A new study by Dr. Jan Kabatek and Dr. David Ribar, research fellows at the University of Melbourne, revealed that parents with daughters are a tad more likely to separate than the ones with sons - but only during the teenage period. Results suggest that a strained relationship between the couples and their teen daughters might bring marriages to a tragic end.
Over 10 years, Kabatek and Ribar studied over two million marriages in the Netherlands. Their working paper displays the results: divorce risks increase with kids' ages until they are adults - with parents of teenaged daughters at greater risk. However, this risk withers in cases where fathers grew up with a sister, outlines Business Insider.
What's the link between daughters and divorce?
Separate studies in the United States have demonstrated that parents with a girl as their oldest child are more likely to divorce when compared to parents of first-born boys ... but the impact of gender on a couple's relationship has always been a contested area. However, Huffington Post points out that Kabatek and Ribar's study used data from the Netherlands, studying comprehensive records that allowed the doctors to look at accurate weddings, divorces, and birth dates.
The detailed data helped them delve deeper than previous researches, which usually rely on recollection and self-reports, rather than hard facts. Additionally, the data allowed the two researchers to study the gender of couples, and how long after the birth of the child the couples split.
According to the Business Insider report of the study, Kabatek and Ribar discovered that up until the age of 12, there was no difference between the separation risks faced by parents of girls and boys. But, between the ages of 13 and 18, parents of teenaged girls face five percent higher risks of separation than parents of teenaged boys.
The study also heavily suggested that the most tumultuous time for parents was when their teenage girl turned 15 - but that divorce risk does lesson considerably when the child turns 19.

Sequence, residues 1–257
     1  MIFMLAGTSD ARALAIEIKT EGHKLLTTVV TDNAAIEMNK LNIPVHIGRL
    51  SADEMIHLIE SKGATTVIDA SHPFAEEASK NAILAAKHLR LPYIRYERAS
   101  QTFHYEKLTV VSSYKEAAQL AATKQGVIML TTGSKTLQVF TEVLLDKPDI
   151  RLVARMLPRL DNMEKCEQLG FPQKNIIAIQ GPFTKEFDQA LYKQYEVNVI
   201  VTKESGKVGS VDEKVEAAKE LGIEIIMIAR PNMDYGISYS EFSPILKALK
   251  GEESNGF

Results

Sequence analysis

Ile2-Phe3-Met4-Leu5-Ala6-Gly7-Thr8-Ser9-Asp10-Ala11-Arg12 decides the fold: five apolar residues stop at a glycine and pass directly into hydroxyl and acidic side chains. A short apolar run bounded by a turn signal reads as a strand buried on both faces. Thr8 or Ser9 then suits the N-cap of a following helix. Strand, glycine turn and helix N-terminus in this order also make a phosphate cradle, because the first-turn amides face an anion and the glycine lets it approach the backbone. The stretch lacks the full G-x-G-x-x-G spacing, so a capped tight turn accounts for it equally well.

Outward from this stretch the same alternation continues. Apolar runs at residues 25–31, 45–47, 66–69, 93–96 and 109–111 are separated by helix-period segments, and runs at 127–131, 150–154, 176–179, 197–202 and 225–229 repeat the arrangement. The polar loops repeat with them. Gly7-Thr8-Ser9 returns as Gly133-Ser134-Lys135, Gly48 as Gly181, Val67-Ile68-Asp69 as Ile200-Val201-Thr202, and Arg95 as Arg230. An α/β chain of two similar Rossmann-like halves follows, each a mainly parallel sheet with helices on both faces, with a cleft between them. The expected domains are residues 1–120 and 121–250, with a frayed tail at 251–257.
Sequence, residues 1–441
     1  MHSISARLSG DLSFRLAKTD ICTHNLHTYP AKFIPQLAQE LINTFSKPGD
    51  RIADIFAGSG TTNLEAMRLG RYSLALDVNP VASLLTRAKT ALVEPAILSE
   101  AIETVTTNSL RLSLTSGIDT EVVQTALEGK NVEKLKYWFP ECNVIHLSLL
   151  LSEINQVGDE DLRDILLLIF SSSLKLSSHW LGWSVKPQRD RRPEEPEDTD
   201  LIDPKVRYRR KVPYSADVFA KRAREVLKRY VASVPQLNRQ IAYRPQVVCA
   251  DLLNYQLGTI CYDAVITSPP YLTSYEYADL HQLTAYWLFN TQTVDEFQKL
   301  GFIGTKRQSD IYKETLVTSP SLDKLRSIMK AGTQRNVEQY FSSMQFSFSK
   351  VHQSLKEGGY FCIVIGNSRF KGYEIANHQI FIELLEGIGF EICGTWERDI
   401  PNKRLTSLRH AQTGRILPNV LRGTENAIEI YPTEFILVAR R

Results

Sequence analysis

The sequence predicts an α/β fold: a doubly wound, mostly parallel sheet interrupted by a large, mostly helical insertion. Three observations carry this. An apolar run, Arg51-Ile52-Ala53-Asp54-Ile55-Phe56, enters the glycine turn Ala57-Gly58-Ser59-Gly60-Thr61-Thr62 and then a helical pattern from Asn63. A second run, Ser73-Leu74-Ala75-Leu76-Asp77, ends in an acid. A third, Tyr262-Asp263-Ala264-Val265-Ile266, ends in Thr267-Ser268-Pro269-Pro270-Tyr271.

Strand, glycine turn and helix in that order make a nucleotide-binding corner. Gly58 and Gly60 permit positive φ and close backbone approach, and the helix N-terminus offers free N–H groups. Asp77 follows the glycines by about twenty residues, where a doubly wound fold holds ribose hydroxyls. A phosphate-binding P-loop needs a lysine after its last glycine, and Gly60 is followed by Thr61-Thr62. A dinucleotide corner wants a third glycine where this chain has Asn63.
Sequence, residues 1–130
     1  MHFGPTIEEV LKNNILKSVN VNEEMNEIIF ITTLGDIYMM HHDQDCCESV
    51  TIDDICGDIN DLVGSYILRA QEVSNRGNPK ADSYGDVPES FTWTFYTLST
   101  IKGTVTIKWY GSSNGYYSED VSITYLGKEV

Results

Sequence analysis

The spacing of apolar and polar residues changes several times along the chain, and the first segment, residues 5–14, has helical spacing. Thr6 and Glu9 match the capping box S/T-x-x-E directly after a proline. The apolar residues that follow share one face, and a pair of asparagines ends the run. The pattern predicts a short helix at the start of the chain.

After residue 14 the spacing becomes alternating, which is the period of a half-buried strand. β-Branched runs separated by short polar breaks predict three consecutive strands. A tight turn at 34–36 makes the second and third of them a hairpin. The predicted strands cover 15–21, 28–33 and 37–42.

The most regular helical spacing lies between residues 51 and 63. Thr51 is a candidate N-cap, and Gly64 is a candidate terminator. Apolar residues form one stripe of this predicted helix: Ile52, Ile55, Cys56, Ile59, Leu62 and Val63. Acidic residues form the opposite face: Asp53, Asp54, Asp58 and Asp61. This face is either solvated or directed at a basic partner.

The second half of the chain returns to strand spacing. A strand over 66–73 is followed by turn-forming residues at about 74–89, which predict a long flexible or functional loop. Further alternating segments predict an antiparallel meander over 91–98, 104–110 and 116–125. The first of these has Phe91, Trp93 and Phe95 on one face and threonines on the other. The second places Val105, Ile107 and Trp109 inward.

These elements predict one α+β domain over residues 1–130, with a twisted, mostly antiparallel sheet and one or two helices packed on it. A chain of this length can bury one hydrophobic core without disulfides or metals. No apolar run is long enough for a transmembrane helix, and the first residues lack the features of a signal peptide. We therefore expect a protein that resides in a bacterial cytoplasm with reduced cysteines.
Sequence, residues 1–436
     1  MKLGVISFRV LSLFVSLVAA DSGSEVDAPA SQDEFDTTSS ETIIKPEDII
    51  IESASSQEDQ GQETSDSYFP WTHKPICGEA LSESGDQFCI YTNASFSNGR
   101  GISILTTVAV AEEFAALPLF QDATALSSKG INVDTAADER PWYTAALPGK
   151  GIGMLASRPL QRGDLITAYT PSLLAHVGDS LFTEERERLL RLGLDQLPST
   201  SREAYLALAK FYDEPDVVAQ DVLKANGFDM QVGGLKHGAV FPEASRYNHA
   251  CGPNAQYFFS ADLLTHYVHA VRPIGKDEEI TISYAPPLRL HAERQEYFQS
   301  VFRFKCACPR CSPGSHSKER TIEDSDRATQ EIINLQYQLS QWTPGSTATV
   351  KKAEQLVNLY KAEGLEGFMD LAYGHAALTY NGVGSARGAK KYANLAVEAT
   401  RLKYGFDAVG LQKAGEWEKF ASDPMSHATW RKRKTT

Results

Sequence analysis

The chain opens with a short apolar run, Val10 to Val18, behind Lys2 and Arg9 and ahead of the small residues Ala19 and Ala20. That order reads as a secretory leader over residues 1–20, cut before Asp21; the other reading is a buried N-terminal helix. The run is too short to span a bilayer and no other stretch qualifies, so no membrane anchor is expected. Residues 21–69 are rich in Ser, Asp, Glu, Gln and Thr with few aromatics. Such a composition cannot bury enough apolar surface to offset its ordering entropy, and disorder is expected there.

How daughters raise divorce risks
There are most likely several causes, one being the cultural preference for males over females. Another theory suggests that men strive to uphold a strong male role model and are more committed to the marriage.
However, Kabatek and Ribar didn't find any solid evidence in support of these theories. Their results suggested that strain stems from a difference in attitudes regarding gender roles - During the survey, families were asked about their opinions and relationships on marriage, parenting, and gender.
When asked, "parents of teenage daughters disagreed more about the way they should raise their children, and expressed more positive attitudes towards divorce. They were also less satisfied with the quality of their family relationships.
"Teenage daughters, in turn, reported worse relationships with their fathers, though not with their mothers.",according to Business Insider.
Examining fathers who grew up with sisters
Kabatek and Ribar compared fathers who had grown up with sisters and those who hadn't - results suggest that men who grew up with a teenage sisters faced less relationship anxiety with their own teen daughters. The fathers who did not grow up sisters demonstrated higher divorce risk.
The immigration background (and ages) of the couple were also factored in. Research fellows at the University of Melbourne learned the parents who have more traditional attitudes toward gender roles have a higher probability of separation from teenage girls, as outlined by the Huffington Post.
While this study is certainly suggestive, the results are still modest when compared to the child's overall lifetime. According to Kabatek and Ribar's study, by the time the first-born kids reaches the age of 25, 311 of 1,000 Dutch parents with daughters had divorced (compared to 307 of 1,000 with sons). There's only a difference of four divorces for every 1,000 couples.
While there does seem to be a tendency for marriage complications if you have teen daughter, other factors like the family's opinion towards gender roles seemed to be equally impactful. Though struggles with adolescents will still happen, if parents are prepared and able to help the family discuss potential problems and expectations, it seems that the strain on the relationship signficantly lessens.